Katy Perry Working Toward 3D Concert Film

Katy Perry 3D Concert A 3D Katy Perry concert movie, you say, Paramount Pictures?

The one dimension she has annoys plenty. At what point doesn't tripling that start looking like throwing good money after bad?

Talks just started recently between Paramount and both Imagine Entertainment and Perry's people, according to The Hollywood Reporter. Though it's early, everybody seems sweet on the idea. Concert films have been back in a big, big way the last four years or so, thanks in no small part whatsoever to the simultaneous rise from the grave of the 3D format. In 2008, Disney's "Hannan Montana/Miley Cyrus: Best Of Both Worlds Concert Tour" made $65 million at the box office, and it was suddenly off to the races. "Michael Jackson's This Is It" - later re-released in 3D following the success of "Justin Bieber: Never Say Never" with the 3D experience - capitalized in 2009 on the swell of adoration and loving remembrance following the King of Pop's death that year and set a worldwide box office record for a concert film with a $261-million global haul. More recently, 2011's "Never Say Never" set the domestic record by bringing in a cool $73 million.

Betwixt those two, there's also been "Jonas Brothers: The 3D Concert Experience" and "Glee: The 3D Concert Movie," which both make statements Paramount would really do well to heed, because both say something about why some modern concert movies work while others don't, as well as what makes a workable musical-performance documentary.

The people stirring this witch's brew may have the right idea. Perry's a colorful live entertainer whose main audience skews under 20 years old. Jackson and Bieber's respective movies fit the 3D format like hands in gloves in large part because both really bring their music to a, more than a different level, a new universe live. They're fast-paced, dynamic and theatrical, so anything that makes performers like that somewhat literally "leap off the screen" and into fans' laps takes the crack rocks of pop music and laces them with bits of rainbows and peanut butter. Perry's costume and set-piece-loaded live, arena-packing performances are like a Vegas stageshow that the doctors in "Akira" experimented on and grew to mammoth, potentially catastrophic proportions. They're great, amorphous blobs of glitter, lights, bright colors and dancing.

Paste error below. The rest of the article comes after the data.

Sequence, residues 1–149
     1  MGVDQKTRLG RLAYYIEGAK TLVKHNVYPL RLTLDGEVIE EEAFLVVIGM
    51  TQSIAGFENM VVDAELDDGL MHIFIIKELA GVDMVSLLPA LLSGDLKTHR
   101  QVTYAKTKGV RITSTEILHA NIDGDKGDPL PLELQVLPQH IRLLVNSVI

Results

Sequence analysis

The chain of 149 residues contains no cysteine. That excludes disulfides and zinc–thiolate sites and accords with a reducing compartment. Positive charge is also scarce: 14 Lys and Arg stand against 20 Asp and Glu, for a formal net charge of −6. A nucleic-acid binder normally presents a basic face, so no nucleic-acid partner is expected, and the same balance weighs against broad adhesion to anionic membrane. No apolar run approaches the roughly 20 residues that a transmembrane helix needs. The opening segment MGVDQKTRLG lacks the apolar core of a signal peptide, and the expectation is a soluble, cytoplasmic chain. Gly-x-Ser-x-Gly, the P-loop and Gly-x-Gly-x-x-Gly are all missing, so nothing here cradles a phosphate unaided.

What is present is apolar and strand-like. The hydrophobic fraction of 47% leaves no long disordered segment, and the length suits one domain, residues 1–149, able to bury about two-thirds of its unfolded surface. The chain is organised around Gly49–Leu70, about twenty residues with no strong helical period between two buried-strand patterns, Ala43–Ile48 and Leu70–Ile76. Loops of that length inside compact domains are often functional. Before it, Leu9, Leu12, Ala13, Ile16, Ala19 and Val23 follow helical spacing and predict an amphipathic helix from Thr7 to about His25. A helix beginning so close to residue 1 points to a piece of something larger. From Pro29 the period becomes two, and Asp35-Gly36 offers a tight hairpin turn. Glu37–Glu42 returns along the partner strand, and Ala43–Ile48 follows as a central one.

As long as you really, really like Perry, that's the good news.

Now, as frenetic live performer once said, hold your nose, 'cause here goes the cold water.

Those other artists whose concert films have something, to varying extents between them: they can all actually sing live. Running them down in ascending order, the Jonas Brothers and Miley Cyrus may not be everybody's cup of tea, but they're at least securely mediocre enough that they'll impress the young and impressionable who don't know any better. Bieber? The Bieber backlash has more to do with over-exposure and horribly written songs (mostly someone else's) than necessarily his voice, which isn't bad.

Jackson? We're not even having that conversation. It's Michael Jackson. Of course the man can bring it.

Perry?

Combine Perry with even moderately capable producers, mix-masters and songwriters, and they're greater than the sum of their parts. Give her a live mic, and unless you're on enough hallucinogens that you can hear colors, you have restaurant-quality nightmare fuel for your ears. The world's finest 3D processing can make a vibrant, colorful experience better, but live-performance audio is still garbage-in-garbage-out. High-quality capture of somebody sounding like hernia surgery being performed on a conscious Bassett hound just makes the unpleasantness more impossible to ignore.

 
 
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